The potency and specificity of a novel organic I h current blocker DK-AH 268 (DK, Boehringer) was studied in cultured rat trigeminal ganglion neurons using whole-cell patch-clamp recording techniques. In neurons current-clamped at the resting potential, the application of 10 μm DK caused a slight hyperpolarization of the membrane potential and a small increase in the threshold for action potential discharge without any major change in the shape of the action potential. In voltage-clamped neurons, DK caused a reduction of a hyperpolarization-activated current. Current subtraction protocols revealed that the time-dependent, hyperpolarization-activated currents blocked by 10 μm DK or external Cs+ (3 mm) had virtually identical activation properties, suggesting that DK and Cs+ caused blockade of the same current, namely I h . The block of I h by DK was dose-dependent. At the intermediate and higher concentrations of DK (10 and 100 μm) a decrease in specificity was observed so that time-independent, inwardly rectifying and noninactivating, voltage-gated outward potassium currents were also reduced by DK but to a much lesser extent than the time-dependent, hyperpolarization-activated currents. Blockade of the time-dependent, hyperpolarization-activated currents by DK appeared to be use-dependent since it required hyperpolarization for the effect to take place. Relief of DK block was also aided by membrane hyperpolarization. Since both the time-dependent current blocked by DK and the Cs+-sensitive time-dependent current behaved as I h , we conclude that 10 μm DK can preferentially reduce I h without a major effect on other potassium currents. Thus, DK may be a useful agent in the investigation of the function of I h in neurons.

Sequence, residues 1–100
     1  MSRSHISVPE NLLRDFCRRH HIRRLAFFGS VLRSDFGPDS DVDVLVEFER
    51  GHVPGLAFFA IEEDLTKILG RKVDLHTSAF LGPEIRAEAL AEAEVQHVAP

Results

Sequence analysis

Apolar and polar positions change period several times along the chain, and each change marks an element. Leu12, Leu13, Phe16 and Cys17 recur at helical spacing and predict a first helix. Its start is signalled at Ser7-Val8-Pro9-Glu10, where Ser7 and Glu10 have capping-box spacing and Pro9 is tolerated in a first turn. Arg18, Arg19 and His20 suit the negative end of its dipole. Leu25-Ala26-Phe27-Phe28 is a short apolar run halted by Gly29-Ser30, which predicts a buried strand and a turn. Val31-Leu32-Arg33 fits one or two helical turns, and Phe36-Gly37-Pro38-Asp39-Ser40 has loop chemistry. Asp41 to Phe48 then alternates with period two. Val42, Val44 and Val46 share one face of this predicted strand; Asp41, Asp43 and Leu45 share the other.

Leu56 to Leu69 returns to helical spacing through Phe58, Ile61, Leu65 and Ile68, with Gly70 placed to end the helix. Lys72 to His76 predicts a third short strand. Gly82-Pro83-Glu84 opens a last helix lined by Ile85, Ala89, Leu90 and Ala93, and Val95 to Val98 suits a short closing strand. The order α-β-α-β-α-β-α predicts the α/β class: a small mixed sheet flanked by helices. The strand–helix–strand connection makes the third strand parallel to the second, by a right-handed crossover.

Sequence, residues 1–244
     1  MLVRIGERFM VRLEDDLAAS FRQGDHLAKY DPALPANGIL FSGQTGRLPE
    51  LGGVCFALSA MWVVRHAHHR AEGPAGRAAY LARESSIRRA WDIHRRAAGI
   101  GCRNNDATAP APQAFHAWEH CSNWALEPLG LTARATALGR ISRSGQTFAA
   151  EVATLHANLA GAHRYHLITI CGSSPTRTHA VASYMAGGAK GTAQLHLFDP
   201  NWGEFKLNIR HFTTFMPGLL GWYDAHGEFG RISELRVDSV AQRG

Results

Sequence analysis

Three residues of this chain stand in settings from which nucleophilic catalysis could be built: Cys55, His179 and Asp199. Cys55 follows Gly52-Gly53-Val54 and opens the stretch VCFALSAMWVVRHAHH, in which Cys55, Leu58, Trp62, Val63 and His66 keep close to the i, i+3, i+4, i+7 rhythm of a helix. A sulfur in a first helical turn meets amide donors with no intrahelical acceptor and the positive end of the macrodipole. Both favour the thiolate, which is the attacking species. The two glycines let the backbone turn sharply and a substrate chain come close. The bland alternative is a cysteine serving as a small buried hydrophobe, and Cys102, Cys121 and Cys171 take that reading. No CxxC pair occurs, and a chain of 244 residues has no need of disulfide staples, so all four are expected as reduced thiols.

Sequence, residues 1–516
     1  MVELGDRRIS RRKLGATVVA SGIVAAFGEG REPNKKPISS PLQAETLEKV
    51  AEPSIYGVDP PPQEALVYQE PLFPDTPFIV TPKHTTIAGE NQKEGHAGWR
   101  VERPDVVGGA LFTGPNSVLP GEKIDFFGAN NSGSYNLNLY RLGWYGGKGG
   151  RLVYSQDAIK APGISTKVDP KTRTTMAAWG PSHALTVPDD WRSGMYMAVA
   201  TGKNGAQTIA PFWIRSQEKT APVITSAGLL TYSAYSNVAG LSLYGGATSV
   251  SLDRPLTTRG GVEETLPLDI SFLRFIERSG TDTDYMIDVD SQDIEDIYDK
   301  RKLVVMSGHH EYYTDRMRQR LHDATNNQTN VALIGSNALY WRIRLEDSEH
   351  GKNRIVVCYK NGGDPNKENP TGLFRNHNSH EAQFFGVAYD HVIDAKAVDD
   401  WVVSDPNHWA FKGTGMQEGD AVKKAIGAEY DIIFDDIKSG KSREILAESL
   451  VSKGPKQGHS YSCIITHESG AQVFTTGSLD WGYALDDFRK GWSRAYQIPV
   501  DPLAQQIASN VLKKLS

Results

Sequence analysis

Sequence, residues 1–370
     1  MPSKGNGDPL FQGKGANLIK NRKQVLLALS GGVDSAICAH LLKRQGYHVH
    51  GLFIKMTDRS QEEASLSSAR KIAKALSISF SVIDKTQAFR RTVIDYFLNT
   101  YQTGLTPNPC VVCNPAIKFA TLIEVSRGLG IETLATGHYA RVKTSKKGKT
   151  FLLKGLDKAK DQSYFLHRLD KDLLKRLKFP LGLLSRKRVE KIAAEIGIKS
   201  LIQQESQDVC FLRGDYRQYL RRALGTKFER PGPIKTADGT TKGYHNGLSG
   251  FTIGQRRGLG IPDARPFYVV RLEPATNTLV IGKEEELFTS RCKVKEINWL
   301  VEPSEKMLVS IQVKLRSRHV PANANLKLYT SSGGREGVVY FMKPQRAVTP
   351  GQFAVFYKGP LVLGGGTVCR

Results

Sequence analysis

The Journal of Membrane Biology – Springer Journals
Published: Nov 15, 1997
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